County Workers Can’t |Stop Pension Changes

     (CN) – Public employees in Marin County, California, failed to prove a state-mandated change in how their pensions are calculated unconstitutionally violated their employment contracts, an appeals court ruled.
     At issue in the case was a 2013 amendment to the County Employees Retirement Law that the state Legislature passed in order to curb the practice of “pension spiking.”
     Pension spiking occurs when “public employees use various stratagems and ploys to inflate their income and retirement benefits,” explained Justice James Richman, of the First District California Courts of Appeals, in an August 17 ruling.
     A pension can be spiked through an increase in final compensation or the inclusion of unused vacation pay in the benefit calculation.
     After the economic downturn of 2008, underfunded public pensions received national attention.
     The Stanford Institute for Economic Policy Research estimated California’s shortfall to be “more than half a trillion dollars” in 2010.
     One year later, the Little Hoover Commission advised the governor and legislature that “the spiking games must end. Pensions must be based only on actual base salary … not padded with other pay for clothing, equipment or vehicle use, or enhanced by adding service credit for unused sick time vacation time or other leave time.”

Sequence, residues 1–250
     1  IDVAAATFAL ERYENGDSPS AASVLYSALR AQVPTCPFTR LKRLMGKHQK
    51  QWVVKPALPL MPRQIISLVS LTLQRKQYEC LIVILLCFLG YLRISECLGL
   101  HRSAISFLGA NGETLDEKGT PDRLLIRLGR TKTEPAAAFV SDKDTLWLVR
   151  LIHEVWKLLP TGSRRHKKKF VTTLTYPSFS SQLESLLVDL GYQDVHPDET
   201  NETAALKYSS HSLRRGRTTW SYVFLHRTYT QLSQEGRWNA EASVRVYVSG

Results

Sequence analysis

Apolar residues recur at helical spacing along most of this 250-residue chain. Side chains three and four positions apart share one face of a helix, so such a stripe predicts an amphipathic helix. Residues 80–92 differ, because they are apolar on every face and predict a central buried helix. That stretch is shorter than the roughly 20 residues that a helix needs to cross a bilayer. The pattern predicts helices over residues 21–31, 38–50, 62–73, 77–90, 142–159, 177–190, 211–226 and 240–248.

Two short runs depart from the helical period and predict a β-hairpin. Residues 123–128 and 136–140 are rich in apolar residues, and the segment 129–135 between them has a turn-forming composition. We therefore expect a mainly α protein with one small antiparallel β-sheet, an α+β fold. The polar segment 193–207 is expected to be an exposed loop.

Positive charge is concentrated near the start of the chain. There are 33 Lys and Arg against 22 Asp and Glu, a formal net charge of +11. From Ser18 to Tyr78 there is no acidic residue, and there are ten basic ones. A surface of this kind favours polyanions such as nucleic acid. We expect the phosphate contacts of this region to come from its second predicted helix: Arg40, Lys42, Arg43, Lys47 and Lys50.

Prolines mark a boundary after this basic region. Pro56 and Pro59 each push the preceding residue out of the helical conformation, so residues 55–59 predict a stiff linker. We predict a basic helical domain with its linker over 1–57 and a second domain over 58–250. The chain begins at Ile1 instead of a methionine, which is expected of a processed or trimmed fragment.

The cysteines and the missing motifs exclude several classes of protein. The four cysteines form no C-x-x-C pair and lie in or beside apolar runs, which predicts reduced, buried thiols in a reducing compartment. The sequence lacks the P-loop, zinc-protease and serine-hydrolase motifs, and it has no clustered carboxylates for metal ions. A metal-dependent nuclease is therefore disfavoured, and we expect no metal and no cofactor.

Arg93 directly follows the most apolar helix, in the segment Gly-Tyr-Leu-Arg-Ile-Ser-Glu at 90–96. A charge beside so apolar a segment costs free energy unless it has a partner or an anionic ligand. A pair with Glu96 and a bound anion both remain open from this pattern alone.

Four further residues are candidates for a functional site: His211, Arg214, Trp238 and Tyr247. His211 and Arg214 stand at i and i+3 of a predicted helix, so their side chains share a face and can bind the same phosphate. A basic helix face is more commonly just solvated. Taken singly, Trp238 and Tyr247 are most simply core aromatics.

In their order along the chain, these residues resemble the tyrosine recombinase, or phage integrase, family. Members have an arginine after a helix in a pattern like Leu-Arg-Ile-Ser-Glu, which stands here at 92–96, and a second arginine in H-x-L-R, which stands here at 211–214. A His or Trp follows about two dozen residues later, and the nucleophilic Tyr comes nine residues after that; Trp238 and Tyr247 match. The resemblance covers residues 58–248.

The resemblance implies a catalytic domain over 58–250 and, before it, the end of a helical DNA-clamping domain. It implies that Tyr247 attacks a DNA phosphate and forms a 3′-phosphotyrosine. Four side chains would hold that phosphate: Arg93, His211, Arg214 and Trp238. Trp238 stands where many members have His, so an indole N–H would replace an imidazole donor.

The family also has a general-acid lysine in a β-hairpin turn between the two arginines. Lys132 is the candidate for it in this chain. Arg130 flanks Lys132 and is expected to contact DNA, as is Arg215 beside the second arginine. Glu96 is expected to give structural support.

California’s legislature responded by excluding some items from the calculation of county employees’ retirement income.
     Four Marin County employees, joined by five organizations that represent county employees, sued the Marin County Employees Retirement Association to stop the implementation of the new formula.
     They complained that they “agreed to accept employment and remain employees of their respective employers based on the promised pension benefit.”
     The trial court ruled in favor of the retirement association, stating that the new formula did not violate the employees’ constitutional rights.
     The employees appealed, but the appeals court affirmed the decision.
     “While a public employee does have a ‘vested right’ to a pension, that right is only to a ‘reasonable’ pension—not an immutable entitlement to the most optimal formula of calculating the pension,” Richman wrote.
     Therefore, he stated, the new formula was not unconstitutional.
     “Here, the Legislature did not forbid the employer from providing the specified items to an employee as compensation, only the purely prospective inclusion of those items in the computation of the employee’s pension,” Richman added.

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